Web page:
Newcastle University researchers have shown it's never too late to change your mind.
As we get older, we're more likely to be thought of as 'set in our ways', but researchers have discovered that art can in fact fundamentally change our sense of who we are.
For the initial project, they took groups of older people to major exhibitions in the North East of England to discover how they responded to contemporary visual art and whether these effects lasted beyond the initial encounter.
"The widely held belief that older people are stuck in their ways is not borne out at all by our findings," explained Andrew Newman, principal investigator. "Three visits to a gallery is nothing and yet we saw a rapid change in opinions. It wasn't unusual for participants to go from initially being uncertain to talking knowledgeably about the art by the final visit."
For many taking part it was their first experience of contemporary visual art and they were initially unable to understand the artworks in terms of what the artist intended to communicate.
However, they quickly begun to use their own life histories -- such as childhood memories and holidays -- to make sense of them, enabling a sense of continuity between then and now.
For example, one 79-year-old had given up knitting after she had a stroke and moved into sheltered accommodation. She picked up some needles again at the Knitted Lives exhibition in the Shipley Art Gallery in Gateshead and was able to knit successfully, enabling her to re-establish links with her previous life. It also had a positive effect on the present as she went on to help set up a knitting group in the sheltered accommodation.
Mr Newman and colleague Anna Goulding, of the International Centre for Cultural and Heritage Studies, are heading to the Museum of Modern Art in New York this month (April) to share their research on how older people's lives can be improved through engagement with contemporary visual art.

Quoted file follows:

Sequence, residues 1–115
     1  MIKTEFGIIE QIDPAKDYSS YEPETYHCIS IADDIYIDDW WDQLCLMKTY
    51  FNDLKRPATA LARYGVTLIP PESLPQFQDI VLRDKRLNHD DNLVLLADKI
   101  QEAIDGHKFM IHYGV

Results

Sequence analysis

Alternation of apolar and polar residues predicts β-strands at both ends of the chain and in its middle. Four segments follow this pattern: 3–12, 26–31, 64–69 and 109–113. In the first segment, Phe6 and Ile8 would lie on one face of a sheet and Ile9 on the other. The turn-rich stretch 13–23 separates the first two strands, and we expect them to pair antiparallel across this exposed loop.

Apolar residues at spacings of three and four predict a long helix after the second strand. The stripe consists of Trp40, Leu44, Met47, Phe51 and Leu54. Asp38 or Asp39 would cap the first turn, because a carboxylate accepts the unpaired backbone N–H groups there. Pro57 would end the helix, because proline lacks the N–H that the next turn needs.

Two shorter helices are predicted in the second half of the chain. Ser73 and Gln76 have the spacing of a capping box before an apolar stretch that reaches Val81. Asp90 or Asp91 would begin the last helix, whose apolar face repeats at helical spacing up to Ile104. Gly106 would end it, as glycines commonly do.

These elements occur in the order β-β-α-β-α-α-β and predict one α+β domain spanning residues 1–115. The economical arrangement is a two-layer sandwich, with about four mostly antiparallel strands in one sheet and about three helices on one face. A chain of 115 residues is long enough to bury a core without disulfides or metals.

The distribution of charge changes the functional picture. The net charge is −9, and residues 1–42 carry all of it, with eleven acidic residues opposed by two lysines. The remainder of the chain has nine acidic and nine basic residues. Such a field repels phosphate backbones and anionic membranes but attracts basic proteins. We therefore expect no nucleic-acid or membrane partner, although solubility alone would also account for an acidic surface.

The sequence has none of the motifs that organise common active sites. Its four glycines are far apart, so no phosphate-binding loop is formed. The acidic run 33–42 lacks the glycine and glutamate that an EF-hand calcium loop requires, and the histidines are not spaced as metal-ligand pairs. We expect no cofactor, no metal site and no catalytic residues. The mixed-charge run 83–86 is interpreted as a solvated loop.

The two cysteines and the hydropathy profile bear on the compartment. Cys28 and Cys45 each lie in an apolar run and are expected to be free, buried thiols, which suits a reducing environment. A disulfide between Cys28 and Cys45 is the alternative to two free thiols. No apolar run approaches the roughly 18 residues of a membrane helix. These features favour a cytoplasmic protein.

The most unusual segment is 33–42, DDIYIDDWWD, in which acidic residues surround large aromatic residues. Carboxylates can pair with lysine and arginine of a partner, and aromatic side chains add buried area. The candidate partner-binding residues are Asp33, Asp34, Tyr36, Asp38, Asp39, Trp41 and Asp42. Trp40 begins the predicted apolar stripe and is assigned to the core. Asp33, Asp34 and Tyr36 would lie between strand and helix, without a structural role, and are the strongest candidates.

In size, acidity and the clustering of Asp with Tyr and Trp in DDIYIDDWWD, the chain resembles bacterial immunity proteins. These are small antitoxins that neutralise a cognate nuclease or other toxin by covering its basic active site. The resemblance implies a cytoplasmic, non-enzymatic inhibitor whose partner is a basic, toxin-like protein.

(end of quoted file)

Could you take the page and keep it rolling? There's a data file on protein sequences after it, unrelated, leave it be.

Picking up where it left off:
As part of this research, they have produced a short film that shows a more creative way of working in art galleries. "Unlike many projects in this field, this is not about reminiscence, it's about using the imagination to create something new," said Ms Goulding. "Art can take us out of our normal lives and enable us to change our thinking, which can have a profound influence on how we relate to the world around us."
The New Dynamics of Ageing programme funded the research and a follow-on project about developing informed arts policy and intervention guidance that could have significant implications for museums and galleries.
"These institutions could have a greater role to play in an ageing society," said principal investigator Mr Newman. "Visits can be personally and collectively beneficial for older visitors and help them have a positive sense of self, which is crucial for successful ageing and helping to maintain self-esteem."
They are now building upon this work with a £1.5m AHRC Communities, Cultures, Health and Wellbeing research project, led by Bangor University. They will look at how the visual arts can enrich the lives of older people with dementia by reconnecting them with their communities.
"Many people believe it takes a major life event to change the trajectory we're on, especially as we approach older age, but we found that art can actually have a similar effect in a remarkably short space of time," added Mr Newman. "We were surprised to find that our sense of art is quite fundamental to our make-up."
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